Even though it can take a while to understand the beauty of Tokyo’s concrete jungle, the hyper-modern Japanese capital offers a wealth of iconic sights from the serene to the surreal. Add these famed spots to your Tokyo to-do list
Sitting beside Shibuya’s green lung Yoyogi Park, Meiji Jingu is a Shinto shrine dedicated to Emperor Meiji and his wife Empress Shōken. First built in 1920, surrounded by plantings of 100,000 trees donated from across Japan, the building as it stands today was reconstructed following the razing of Tokyo in World War II. Despite its relative youth, the serene shrine nestled in century-old trees commands a solemnity beyond its years. The din of the city melts away as you pass under a pair of Japan’s largest torii gates and into the naien, the inner precinct, where Tokyoites flock to honour the emperor credited with establishing Japan on the world stage.
Recognised as the world’s tallest tower, the 634m-tall Tokyo Skytree in Sumida district offers stellar views of Tokyo’s sprawl. The futuristic structure completed in 2012 was inspired by traditional five-storey pagodas; a symbolic design that also offers great tremor resistance. Although the Skytree serves a practical purpose as a radio tower, the drawcard is two observation platforms perched 350 metres and 450 metres above the ground. Try not to get side-tracked in the mall at the base and queue for the super-fast elevators capable of whizzing up to the 350th floor in 50 seconds. On clear days, you stand a good chance of spotting Mount Fuji’s iconic silhouette.
On the grounds of a former Edo castle encircled by a moat and hulking stone walls, the Emperor’s official residence occupies a city block in Chiyoda ward. Although the palace only opens twice annually – on the December 23 and January 2 for the Emperor’ birthday and New Year’s greeting respectively – the Imperial Household Agency run regular tours of the inner sanctum and the East Gardens can be explored at your leisure. As you stroll the East Gardens keep an eye out for remnants of the original castle, manicured Japanese gardens and seasonal displays of iris and plum blossom.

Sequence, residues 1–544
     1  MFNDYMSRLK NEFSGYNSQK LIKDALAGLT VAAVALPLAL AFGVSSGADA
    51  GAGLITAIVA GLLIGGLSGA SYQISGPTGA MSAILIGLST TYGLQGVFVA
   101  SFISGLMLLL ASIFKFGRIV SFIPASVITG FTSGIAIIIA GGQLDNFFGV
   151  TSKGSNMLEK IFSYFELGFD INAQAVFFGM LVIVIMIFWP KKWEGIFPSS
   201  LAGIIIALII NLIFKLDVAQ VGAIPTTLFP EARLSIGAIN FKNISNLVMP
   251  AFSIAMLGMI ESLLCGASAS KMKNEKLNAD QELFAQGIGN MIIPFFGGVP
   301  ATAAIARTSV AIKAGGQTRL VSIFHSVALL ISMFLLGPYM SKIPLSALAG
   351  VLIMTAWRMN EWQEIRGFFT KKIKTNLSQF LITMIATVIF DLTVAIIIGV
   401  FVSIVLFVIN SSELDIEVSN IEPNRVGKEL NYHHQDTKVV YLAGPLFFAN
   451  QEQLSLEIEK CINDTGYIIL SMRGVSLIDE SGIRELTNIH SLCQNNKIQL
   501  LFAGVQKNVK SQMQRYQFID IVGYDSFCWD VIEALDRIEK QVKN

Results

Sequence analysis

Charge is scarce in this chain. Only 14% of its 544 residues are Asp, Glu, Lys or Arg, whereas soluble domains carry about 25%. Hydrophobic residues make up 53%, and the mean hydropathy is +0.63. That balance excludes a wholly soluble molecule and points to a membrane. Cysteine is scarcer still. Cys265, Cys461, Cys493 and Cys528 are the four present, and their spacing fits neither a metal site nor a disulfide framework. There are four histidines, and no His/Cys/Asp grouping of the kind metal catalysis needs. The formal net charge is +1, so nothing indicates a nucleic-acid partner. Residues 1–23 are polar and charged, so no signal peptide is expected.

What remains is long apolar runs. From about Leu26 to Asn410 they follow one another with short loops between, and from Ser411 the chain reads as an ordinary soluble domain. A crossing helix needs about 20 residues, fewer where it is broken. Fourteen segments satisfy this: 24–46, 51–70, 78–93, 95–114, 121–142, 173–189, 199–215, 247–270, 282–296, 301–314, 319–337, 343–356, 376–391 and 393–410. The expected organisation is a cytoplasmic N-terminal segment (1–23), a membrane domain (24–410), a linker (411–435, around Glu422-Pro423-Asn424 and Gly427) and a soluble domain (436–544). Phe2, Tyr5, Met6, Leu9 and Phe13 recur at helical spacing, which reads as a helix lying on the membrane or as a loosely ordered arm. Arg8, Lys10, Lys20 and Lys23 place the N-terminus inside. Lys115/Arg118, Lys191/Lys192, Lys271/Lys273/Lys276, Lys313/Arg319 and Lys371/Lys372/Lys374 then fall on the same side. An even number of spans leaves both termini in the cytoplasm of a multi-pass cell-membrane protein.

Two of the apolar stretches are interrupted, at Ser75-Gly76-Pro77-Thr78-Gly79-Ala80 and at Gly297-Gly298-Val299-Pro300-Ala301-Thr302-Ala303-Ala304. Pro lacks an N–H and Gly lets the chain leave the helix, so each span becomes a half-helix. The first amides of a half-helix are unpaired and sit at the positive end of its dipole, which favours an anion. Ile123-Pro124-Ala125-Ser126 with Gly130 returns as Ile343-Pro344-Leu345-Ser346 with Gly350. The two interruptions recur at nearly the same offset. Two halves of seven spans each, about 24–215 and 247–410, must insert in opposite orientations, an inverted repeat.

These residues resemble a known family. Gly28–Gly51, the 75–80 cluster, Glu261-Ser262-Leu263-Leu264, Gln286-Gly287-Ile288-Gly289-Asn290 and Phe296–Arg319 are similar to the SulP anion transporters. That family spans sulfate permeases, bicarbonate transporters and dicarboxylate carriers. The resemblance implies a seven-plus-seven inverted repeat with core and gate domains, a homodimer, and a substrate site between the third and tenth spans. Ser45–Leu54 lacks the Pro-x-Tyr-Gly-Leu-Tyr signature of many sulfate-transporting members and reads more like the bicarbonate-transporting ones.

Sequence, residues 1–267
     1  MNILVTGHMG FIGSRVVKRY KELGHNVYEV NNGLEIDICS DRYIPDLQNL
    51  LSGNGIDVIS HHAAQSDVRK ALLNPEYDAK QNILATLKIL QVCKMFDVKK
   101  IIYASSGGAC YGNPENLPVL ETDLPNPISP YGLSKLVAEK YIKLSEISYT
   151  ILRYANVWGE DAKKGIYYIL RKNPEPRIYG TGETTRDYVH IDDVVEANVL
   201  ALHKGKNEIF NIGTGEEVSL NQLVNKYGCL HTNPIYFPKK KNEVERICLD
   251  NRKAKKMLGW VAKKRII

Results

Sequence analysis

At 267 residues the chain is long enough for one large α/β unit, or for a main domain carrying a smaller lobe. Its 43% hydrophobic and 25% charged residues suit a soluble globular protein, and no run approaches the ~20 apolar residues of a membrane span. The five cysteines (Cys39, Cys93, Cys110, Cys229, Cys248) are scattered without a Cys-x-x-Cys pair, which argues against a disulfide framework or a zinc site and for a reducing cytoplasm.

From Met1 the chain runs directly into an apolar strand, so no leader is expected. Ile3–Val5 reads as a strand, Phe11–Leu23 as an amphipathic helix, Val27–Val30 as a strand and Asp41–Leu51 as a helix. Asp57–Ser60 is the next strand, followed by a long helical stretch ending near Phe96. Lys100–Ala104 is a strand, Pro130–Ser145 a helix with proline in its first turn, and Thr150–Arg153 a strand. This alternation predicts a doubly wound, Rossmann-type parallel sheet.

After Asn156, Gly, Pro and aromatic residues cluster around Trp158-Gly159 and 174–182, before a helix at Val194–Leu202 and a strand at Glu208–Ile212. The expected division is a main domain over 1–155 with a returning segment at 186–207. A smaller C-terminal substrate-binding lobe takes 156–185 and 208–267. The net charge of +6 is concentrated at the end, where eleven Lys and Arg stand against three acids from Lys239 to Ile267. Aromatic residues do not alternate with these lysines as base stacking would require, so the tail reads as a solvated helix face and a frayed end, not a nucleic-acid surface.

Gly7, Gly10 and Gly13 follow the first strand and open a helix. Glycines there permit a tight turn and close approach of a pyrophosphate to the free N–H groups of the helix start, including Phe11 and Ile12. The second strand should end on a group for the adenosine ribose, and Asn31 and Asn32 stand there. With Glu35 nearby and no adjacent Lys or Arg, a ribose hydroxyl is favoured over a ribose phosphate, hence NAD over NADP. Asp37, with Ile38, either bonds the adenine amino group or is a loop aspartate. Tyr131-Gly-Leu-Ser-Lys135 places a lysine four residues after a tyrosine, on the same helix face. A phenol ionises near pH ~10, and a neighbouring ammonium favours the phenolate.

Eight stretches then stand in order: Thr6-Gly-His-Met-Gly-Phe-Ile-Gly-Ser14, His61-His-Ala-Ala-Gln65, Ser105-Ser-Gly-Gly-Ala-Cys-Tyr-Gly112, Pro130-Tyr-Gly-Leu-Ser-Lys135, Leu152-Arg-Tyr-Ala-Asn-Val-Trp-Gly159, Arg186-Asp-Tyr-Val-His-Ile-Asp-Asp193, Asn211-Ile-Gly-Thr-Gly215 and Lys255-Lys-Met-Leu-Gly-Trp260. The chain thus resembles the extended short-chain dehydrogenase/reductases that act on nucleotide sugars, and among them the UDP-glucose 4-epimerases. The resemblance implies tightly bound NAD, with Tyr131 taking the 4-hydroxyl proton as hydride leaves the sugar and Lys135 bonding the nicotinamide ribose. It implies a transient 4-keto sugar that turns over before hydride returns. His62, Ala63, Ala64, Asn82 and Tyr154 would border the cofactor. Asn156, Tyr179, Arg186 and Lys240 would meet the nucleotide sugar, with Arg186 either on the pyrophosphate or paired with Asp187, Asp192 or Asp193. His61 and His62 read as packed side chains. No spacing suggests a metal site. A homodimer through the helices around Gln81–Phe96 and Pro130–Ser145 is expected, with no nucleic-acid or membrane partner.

Rumoured to be the busiest crossing on the planet – with up to 2500 people striding across at each signal – this intersection outside Shibuya station is the ultimate Tokyo photo opp. Nothing drives home the Japanese capital’s sheer population density more than the stream of human foot traffic that floods the intersection each time the light turns green. Although it’s a sight to behold at any time, the crossing is at its most surreal after nightfall when flashing neon and blaring billboards heighten the sensory overload.
If Meiji is Tokyo’s best-known Shinto shrine, then Sensō-ji is its Buddhist equivalent. Built in the 7th century in the Edo entertainment district Asakusa, the famed temple and its imposing entrance gates Kaminarimon and Hōzōmon are perennially popular with Japanese and foreign tourists alike who come to purify themselves in the temple’s incense smoke, have their fortunes told with an omikuji (fortunes written on slips of paper) and snap a photo of the immense red lantern in Kaminarimon. On a visit to Sensō-ji, it’s practically mandatory to run the gauntlet of Nakamise Dori – a historic shopping street linking Kaminarimon and Hōzōmon ideal for picking up street food and souvenirs of your time in Japan.